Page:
Straight from the Tap

March 2020 Sets Record for High Monthly Lake Erie Water Levels

04/03/2020

March was another record month for Lake Erie water levels at 574 feet. This monthly average is 3 inches higher than the previous March record of 573.75 feet set in 1986. On March 31, 2020, Lake Erie’s water levels are 574.36 feet.

Lake Erie was 36 inches higher than the long-term March monthly average and a foot higher than both February and March 2019, which was itself a record-breaking year. Last year, new monthly high water levels were set in May (574.31 feet), June (574.61 feet), July (574.57 feet), August (574.21 feet) and September (573.72 feet).

Late February to early March is historically when lake levels begin their seasonal rise. The U.S. Army Corps of Engineers predicts that lake levels will continue to do so and could potentially top last year’s highs.

How high water levels reach depends on how much precipitation falls in the lake’s 30,140 square mile watershed as well as how much water drains down the Detroit River into Lake Erie from the upper Great Lakes. Those lakes (Superior, Michigan, and Huron) are all at or above their all-time high water levels, too.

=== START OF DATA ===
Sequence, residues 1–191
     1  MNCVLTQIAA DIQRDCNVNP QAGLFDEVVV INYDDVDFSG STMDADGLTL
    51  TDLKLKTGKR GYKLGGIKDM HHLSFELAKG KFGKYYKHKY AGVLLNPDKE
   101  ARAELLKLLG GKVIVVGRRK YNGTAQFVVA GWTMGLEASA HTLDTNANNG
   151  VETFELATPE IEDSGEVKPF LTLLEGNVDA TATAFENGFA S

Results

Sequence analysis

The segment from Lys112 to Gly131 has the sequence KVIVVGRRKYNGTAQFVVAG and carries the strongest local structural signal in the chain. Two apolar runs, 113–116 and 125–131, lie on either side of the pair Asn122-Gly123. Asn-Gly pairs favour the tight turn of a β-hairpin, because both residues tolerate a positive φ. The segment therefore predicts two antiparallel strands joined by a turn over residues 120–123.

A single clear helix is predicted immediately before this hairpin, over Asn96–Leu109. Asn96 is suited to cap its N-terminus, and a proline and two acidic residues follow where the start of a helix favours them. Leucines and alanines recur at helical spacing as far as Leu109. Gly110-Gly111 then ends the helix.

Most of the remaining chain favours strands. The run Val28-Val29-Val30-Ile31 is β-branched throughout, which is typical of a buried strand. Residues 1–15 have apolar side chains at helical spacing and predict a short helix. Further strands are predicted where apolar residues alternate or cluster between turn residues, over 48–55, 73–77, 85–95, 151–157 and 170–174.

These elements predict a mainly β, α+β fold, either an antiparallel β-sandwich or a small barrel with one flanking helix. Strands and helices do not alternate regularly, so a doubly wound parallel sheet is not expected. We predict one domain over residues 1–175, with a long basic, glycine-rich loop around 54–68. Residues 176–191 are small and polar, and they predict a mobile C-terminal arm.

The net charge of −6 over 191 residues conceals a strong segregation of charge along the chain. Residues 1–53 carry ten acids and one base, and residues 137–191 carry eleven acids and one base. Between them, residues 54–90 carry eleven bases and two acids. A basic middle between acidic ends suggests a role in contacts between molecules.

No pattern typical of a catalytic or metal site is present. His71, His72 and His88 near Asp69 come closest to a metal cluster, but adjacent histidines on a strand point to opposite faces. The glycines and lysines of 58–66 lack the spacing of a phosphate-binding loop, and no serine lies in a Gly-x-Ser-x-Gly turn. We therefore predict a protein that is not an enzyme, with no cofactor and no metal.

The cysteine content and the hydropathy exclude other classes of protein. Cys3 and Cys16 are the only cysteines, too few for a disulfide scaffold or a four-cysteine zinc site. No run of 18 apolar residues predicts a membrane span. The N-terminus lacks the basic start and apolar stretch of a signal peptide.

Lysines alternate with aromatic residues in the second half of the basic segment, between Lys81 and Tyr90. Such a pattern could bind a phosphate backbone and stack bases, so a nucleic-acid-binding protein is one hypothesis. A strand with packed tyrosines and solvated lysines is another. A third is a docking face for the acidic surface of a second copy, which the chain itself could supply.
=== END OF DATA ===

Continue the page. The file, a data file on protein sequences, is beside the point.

Typically, 80 to 90% of the water in Lake Erie flows down from the Detroit River; however, heavy spring rains, like the weekend storms that caused the Cuyahoga River to reach 100-year flood levels (and its 7th highest water level ever), can also be a major influence.

While high lake levels are causing erosion along many Great Lake’s coastal areas, our ability to treat and deliver safe drinking water is not impacted. Our four intake pump stations and four water treatment plants are on higher ground, or are not adjacent to Lake Erie, or both.

Lake Erie water temperatures are higher than average as well. After an ice-free winter, the lake reached its coldest winter temperature of 33.4°F on March 1. Normally, the coldest winter water temperatures occur at the beginning of February.

As of March 31, the water temperature was 40.7°F, which is 3.4°F and 3.2°F warmer than 2018 and 2019, respectively. In those same years, lake temperatures did not reach the 40.7 °F or warmer until mid-April.

Great Lakes water levels are officially tracked and recorded using the International Great Lakes Datum 1985 measurement system by a partnership between the United States Army Corps of Engineers and the National Oceanic and Atmospheric Administration along with various research agencies.

 

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